posted on Jul, 8 2013 @ 06:54 AM
Live shows require an awful lot of commitment, time and energy that - unless people are truly dedicated or, frankly nuts (the ATS live crew runs under
both banners) makes them difficult to do.
The beauty of the live shows we do at the present moment is that both Semper and myself have the SAM broadcast software and the ability to hook it
into Skype (its no mean feat, believe me, it took me months to figure it out) and as such can run independently on either side of the pond. Most of
the crew are settled and have no other committments on the nights we broadcast (except me, and I simply have no life!! LOL )
You either need two PC's and a lot of luck with sound cards or a copy of the Virtual Audio Cable software and the blessing of a deity that your PC
can handle running it while processing a Skype call and broadcasting to the internet - if you listen to shows 1-30 you'll see that I actually didn't
have that set up (although I covered it well!) and trying to do so with overclocking and tweaking a PC resulted in one of my cores actually
To get a level of clarity and avoid buffering you also need a fibre optic connection running at 100MB or more to ensure your bandwidth doesn't drop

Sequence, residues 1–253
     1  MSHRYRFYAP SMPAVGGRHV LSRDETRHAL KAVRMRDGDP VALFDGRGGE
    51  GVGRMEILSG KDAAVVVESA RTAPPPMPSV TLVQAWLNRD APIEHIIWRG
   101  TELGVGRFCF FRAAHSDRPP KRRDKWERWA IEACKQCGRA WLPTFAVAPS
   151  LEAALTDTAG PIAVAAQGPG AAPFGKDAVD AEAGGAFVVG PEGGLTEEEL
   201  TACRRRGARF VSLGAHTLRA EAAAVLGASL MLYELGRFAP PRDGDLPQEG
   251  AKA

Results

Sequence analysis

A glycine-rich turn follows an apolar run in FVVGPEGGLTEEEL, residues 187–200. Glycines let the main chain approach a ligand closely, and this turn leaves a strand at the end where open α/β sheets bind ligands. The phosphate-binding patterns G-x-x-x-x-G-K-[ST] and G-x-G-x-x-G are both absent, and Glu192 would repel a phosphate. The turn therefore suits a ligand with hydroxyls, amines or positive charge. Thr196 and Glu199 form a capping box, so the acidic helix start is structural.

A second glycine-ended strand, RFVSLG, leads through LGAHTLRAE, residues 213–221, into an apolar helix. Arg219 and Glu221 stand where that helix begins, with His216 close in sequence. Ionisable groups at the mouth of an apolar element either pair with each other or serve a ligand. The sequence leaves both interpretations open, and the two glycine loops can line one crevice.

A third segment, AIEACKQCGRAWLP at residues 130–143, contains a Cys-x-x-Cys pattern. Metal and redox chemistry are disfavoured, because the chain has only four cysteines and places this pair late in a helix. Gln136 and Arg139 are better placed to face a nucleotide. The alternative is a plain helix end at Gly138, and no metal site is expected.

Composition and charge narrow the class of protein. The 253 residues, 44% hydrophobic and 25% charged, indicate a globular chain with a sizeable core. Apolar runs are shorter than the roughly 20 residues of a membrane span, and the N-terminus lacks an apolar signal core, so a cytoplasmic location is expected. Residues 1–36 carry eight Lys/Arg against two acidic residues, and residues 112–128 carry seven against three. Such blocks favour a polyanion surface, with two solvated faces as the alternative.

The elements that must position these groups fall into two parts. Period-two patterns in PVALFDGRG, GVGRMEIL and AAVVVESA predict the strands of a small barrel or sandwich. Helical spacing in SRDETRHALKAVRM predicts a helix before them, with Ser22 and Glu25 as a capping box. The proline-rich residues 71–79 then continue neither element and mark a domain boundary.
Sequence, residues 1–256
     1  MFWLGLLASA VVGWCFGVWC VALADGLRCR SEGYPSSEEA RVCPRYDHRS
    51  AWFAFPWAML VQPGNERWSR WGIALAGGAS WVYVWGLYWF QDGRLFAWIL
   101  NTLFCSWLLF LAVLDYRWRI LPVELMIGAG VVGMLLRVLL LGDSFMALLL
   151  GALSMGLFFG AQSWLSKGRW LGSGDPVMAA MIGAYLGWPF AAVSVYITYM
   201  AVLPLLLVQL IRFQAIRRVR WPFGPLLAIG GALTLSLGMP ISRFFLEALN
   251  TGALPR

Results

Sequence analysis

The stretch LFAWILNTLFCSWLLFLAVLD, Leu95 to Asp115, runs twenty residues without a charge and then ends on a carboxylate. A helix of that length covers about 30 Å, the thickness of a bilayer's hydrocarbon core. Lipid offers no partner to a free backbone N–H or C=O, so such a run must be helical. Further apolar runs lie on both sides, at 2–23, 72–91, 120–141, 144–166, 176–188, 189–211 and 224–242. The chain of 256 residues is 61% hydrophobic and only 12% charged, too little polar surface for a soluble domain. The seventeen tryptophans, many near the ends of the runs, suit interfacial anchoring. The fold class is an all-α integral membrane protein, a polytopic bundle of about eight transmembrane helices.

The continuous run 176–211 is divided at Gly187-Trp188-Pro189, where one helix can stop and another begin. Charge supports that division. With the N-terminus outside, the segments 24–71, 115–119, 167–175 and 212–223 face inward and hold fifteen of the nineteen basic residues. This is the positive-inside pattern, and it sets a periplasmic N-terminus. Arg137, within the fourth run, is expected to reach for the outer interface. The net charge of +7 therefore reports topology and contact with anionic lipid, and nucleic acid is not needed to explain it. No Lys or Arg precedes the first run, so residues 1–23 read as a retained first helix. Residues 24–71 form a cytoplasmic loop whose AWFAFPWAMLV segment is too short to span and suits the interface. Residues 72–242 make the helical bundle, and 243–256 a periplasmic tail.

to a level that you can't broadcast.
I now run an eight core Intel i7 with 12GB of memory and a 150MB fibre connection. Semper runs similar.
The SAM software runs in at $300 per license which is also a hefty expenditure - so unless you can persuade Semper to engineer a show for you there is
that outlay as well (with you guys being in the US time zones)
We start planning Live midweek, every week and believe me its a hefty job to fill three hours.
[/end of reality check]
There may be cheaper ways to do it, but that's the reason why podcast shows are easier
With that out of the way, if you guys can find a way to do it all then I'd LOVE to accommodate it, seriously, but I wanted to make sure you knew what
we go through - we do make it sound easy but that's because we've done it for so long. Behind the scenes there are times when both Semper and myself
have come close to melting down literally with seconds to spare before we go live and the highs and lows behind the scenes are enormous.